Why's it so hard to treat each other like adults? | Mike Cook

By Mike Cook
Contributing Writer 

I received an email from my youngest sister on Sunday afternoon this week. She wanted me to know that she has been offered a new job. It is a full time position which she’ll be starting a few days. Good for her right?

It is good.

In the grand scheme of things, this is just another story of a 50-something woman doing what she can to help make sure her two sons have an opportunity to complete college. Pretty ordinary situation, I suppose you’d say.

For that matter, most of our stories are pretty ordinary.

What makes any story interesting is primarily that it is ours and it is about how we are spending the precious time of our lives. So for my sister, while hers is
an ordinary story to you and me, it was a big deal, since she’d been looking for a full time spot for more than two years.

Again, in the grand scheme of things probably not that unusual an experience.

What got my attention about my sister’s story was that she finally figured out that she had been looking in the wrong place for what she wanted: her current employer.

She’s been working part-time for her current employer for the past couple of years. She had made it clear when she took the part time job that what she really wanted was a full-time opportunity.

So, why, you ask, is this event in my sister’s life worth writing about?

For me, it is the ordinariness of the situation that makes it worth looking into. We, at least I, spend a lot of time focused on what contributes to employee engagement.

My assumption is that engagement contributes to retention, which contributes to continuity, which contributes to productivity, all of which contributes to keeping costs down, which contributes to the bottom line.

And then, in spite of all the energy we put into discovering methods for making our places of work more engaging, something such as not being able to have an honest conversation undermines all our best efforts.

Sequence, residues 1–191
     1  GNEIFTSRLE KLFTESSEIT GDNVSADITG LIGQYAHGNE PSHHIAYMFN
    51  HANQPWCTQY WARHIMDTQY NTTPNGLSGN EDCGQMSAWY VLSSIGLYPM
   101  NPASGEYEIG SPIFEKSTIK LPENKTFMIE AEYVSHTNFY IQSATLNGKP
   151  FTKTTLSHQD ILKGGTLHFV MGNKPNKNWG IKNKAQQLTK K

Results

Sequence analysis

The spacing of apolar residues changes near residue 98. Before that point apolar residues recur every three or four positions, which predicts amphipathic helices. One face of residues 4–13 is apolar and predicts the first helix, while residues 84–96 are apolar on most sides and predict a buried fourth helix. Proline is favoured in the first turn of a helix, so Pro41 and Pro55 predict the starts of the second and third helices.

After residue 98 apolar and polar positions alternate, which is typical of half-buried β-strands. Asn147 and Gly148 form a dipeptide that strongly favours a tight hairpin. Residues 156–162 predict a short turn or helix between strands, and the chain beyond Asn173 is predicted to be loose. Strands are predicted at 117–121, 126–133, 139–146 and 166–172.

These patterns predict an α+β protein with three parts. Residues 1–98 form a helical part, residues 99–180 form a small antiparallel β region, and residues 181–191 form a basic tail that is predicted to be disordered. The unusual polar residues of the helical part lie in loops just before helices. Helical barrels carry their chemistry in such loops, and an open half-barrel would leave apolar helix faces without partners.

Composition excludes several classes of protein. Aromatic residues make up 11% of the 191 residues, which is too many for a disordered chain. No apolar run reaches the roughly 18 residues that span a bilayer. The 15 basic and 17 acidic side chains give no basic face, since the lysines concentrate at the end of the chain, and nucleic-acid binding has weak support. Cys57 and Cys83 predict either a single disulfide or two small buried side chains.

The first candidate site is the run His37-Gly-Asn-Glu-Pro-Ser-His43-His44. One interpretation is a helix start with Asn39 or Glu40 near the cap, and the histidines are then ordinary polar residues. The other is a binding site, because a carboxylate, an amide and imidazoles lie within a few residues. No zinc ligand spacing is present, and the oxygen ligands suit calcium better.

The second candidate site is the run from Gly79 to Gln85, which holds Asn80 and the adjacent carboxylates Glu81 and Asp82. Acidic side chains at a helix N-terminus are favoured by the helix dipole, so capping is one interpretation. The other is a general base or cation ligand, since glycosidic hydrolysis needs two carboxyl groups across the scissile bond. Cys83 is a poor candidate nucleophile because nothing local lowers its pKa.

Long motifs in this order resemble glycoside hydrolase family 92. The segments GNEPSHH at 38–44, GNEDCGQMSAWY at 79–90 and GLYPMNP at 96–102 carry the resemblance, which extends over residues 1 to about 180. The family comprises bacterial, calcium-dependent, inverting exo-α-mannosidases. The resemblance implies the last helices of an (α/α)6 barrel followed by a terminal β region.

When my sister took the part-time position a couple of years back, her immediate supervisor said to her, in regards to her interest in full time work, “We’ll see what we can work out.”

During the two years she’s been there, she told me she’s had the same conversation with her supervisor at least once every three months and has gotten the same response.

“We’ll see what we can work out.”

What I am driving at here is not to determine who is right or wrong or to assign blame to anyone. Plainly, the response my sister was receiving was code for: “There’s really no chance you are going to end up with a full-time position unless something completely unpredictable happens.”

It just took my sister two years to decipher the message.

She liked the place of employment, enjoyed her co-workers and the convenience of working in a place close to her home. All of which no doubt contributed to her “hoping” that something would eventually work out.

Consider a different scenario, one where from day one in the part-time position my sister had been clearly informed that unless something out of the ordinary happened, she was going to have to settle for a part-time role.What if the employer had made it clear that they understood and supported her interest in full-time employment and hoped she eventually found what she was looking for?

It would not be there of course, but as long as she fulfilled the expectations of the role she would be assigned, she was welcome to be there as long as it served her interests.

Would the outcome have been any different?

Probably not, except for one thing.

My sister would be leaving with a sense that she had been treated as an adult, someone who doesn’t need to be coddled and related to like they cannot take “no” for an answer. And she would not be leaving with the disappointment she shared with me about notifying her supervisor that she would be moving on.

When she communicated her intent to leave, her supervisor’s response was, “Well that’s too bad, I just never knew what it was you really wanted.”

Horse #@&&!

Why can’t we just treat each other like grown ups?

Maybe then all the other machinations we engage in would not be as necessary.

Mike Cook is a management developer who lives in Anacortes, Wash. His columns appear on BBJToday.com every other Tuesday. He also publishes a weekly blog at www.heartofengagement.com.

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